When Kelly Soyland of the Good Samaritan Society started an innovation project in 2006, his official job title was director of procurement. Along with his daily responsibilities, Soyland took on innovation projects because he saw opportunities that couldn’t be addressed within the Society’s normal operations. After working nights and weekends on these projects, he reached a crossroads. “I was willing to go above and beyond on these projects, but I realized it wasn’t enough,” said Soyland. “I decided to stick my neck out and write a memo to our senior leadership team on the need for innovation within the Society. I wasn’t very complimentary of our capabilities. It was one of those moments when you take a deep breath and wonder if you know what you’re doing or if you just made a really big mistake.”
Today, Soyland has a new title at Good Samaritan: He is the director of research & innovation. In 2011, after five years of off and on innovation efforts, the Society took a bold step to create a formal innovation unit and put Soyland in charge. He is a rare breed – sometimes called an intrapreneur – who exhibits entrepreneurial behaviors within the context of a large organization that implicitly asks employees to stay in their lanes.
To encourage others to take up the cause for innovation, Soyland is tapping into a large pool of mostly untouched potential – the middle managers and frontline staff of the Society. These people may not thrive in ambiguity the way Soyland does – you could say they are more inclined to color within the lines – but they are part of a group that possesses plenty of creativity. Plus, there are literally thousands of them. Many managers and employees think innovation is reserved for their top VPs and a handful of select individuals. The problem is these creative thinkers are in short supply and are already deployed against the organization’s most vexing challenges. Instead of trying to pile more onto their plates (a sure innovation killer), companies must learn how to tap into the innovation capacity of the organization’s middle.
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What’s so appealing about the members in the middle? Let’s count the ways:
- They are good at their jobs.
- They know a lot about the organization and its customers.
- There are many of them.
- They have plenty of latent creative capacity.
Why aren’t employees using their creative capacity? Simply put, they have not been asked to contribute, and if they have been, they were not given the resources, time, or tools to use their potential.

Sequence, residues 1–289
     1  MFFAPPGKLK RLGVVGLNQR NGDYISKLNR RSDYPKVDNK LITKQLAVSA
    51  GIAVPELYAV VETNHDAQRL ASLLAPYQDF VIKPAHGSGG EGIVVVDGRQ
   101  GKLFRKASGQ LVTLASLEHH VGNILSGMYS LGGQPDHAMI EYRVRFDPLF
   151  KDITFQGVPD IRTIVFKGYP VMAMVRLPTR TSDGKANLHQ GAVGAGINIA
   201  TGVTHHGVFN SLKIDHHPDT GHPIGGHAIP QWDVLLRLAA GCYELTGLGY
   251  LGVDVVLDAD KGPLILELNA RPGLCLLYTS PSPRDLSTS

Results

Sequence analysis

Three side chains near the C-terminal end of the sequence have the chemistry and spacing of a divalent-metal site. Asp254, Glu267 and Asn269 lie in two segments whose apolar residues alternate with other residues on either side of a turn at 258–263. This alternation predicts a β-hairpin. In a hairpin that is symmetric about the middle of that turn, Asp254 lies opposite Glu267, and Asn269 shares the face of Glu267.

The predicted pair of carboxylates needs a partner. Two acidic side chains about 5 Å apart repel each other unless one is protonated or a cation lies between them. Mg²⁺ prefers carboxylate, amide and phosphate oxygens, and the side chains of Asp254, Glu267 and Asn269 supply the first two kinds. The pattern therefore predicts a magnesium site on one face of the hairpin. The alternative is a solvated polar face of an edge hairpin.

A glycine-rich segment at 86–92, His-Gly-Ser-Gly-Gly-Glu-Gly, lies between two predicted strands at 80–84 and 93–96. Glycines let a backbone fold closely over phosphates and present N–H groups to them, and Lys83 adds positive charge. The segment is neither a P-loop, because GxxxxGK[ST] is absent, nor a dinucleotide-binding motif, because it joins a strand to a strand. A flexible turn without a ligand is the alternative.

As another example, Computer Sciences Corporation (CSC), a global business solutions company, is currently in its second year of offering a program to tap the innovation potential of middle managers and solution executives. “These people are so very close to the customer problems; all we have to do is support them with some tools and some time to use them,” says Sami Albanna, the director of CSC’s North American Public Sector Solution Leaders Institute. The program is based on action learning – giving the teams autonomy to select real challenges and generate practical solutions while simultaneously learning innovation skills.
“This has been a game-changer for me,” says Jim Hayes, a participant in the CSC program. “You always think about new ways to solve a problem, but before this program there was no place for that idea to go. Now we have (management’s) blessing to try things out on a small scale and an acceptance that it’s okay if it doesn’t work.” And does it work? “More often than not the ideas work, but not the way the team envisioned them,” says Albanna. “That’s the nature of innovation.”
Innovation depends on the three P’s: Passion, Permission, and Protocols. Intrapreneurs run on Passion, get the little Permission they need from their VP, and, like Soyland, make their way without much in the way of formal innovation Protocols. To tap into the innovation potential of an organization’s middle, you need to flip the formula: lead with Permission and Protocols, and add Passion as the caboose.
So how can managers mine the innovation potential of the middle? Here are the basic steps:
- Provide Permission in the form of (a) a request from someone senior and (b) a modest number of resources, including some time to work on an innovation project;
- Provide Protocols in the form of a set of practical methods that go beyond traditional, analytic problem-solving procedures;
- Create an environment for employees to connect to each other; and
- Let their Passion unfold in the form of great little projects.
With a keen eye towards growth and these simple steps in hand, managers can tap into the ocean of innovative potential that lies waiting in the middle of their organizations. That next great, money-making idea may come from where the top management least expects.
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Tim Ogilvie is CEO of innovation strategy consultancy Peer Insight and co-author with Jeanne Liedtka of Designing for Growth: A Design Thinking Tool Kit for Managers, published in 2011 by Columbia University Press. Ogilvie’s next book, Conversations for Growth: The 10 Conversations That Ignite Successful Innovation Teams, is due out in 2013.